As luck would have it, this line of work came to me. Equipped with an entrepreneurial spirit, the circumstances in my life brought me to electronic waste. I recognized that there were very few companies toiling away at this problem, and I decided to tackle it myself. I not only wanted to recycle the precious metals being thrown away by local companies but streamline a system that made it easy for consumers to do so. A lot of responsibility falls on the consumer, and what we do is take the guessing out of the equation. Our goal is to serve the planet, help consumers make responsible choices, and grow sustainably.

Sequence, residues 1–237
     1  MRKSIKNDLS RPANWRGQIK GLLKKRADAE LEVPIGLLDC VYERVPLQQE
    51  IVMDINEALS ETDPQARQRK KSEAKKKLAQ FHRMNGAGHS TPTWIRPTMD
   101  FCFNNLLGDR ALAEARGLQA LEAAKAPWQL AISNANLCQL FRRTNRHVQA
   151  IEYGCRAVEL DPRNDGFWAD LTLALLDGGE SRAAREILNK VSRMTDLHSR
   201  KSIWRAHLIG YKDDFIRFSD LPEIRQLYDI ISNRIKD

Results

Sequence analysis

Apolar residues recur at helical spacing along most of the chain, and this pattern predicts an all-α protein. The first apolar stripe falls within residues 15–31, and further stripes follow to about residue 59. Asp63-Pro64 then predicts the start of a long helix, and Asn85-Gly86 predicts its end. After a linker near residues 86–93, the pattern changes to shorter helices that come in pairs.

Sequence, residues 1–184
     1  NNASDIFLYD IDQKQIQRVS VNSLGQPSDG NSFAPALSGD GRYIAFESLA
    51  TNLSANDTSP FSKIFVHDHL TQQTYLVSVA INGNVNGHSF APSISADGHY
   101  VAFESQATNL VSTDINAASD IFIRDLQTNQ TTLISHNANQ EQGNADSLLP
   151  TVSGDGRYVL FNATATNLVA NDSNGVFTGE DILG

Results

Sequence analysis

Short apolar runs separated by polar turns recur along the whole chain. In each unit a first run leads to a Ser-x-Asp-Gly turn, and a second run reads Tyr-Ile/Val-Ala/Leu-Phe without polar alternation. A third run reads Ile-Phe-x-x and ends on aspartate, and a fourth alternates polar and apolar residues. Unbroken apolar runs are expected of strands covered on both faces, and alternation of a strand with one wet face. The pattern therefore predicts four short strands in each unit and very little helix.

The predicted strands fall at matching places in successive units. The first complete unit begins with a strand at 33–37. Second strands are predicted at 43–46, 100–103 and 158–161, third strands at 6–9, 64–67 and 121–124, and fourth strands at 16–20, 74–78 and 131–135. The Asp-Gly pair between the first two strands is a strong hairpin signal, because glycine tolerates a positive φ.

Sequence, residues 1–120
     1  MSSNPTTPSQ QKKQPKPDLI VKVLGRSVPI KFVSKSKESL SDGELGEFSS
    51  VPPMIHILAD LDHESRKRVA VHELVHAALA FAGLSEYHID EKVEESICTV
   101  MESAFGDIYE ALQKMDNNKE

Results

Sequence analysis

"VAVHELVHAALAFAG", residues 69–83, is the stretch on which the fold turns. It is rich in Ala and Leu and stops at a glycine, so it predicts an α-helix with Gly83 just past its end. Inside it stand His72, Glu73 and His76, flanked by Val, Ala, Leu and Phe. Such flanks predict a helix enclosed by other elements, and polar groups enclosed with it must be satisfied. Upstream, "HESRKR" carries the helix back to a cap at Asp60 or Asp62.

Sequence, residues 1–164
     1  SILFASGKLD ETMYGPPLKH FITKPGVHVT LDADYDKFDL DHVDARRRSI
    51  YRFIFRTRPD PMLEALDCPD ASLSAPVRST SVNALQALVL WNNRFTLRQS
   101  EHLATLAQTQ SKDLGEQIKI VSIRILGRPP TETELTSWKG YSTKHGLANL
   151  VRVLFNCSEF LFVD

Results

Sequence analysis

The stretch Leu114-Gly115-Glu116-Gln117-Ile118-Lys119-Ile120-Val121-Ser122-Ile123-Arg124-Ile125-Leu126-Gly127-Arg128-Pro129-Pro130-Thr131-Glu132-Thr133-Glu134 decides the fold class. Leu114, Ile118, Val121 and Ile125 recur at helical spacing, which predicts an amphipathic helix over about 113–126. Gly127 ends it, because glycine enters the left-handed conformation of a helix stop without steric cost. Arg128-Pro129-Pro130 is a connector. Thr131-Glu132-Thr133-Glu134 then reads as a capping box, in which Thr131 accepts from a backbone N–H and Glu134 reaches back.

How do you make money?

All the services we offer help us make money and lessen the impact of electronic waste on the environment. We provide companies with e-waste recycling containers, which allow them to dispose of their electronics outside of their door as soon as they are done with them. We also have an electronic recycling pick-up service, which is a perfect solution for towns or businesses that refresh their electronics in large quantities several times a year. Lastly, we provide asset management solutions, which can offset or reverse the costs associated with retiring newer equipment.

How long did it take for you to become profitable when you were starting out? Was there ever a time you doubted it would work? If so, how did you handle that?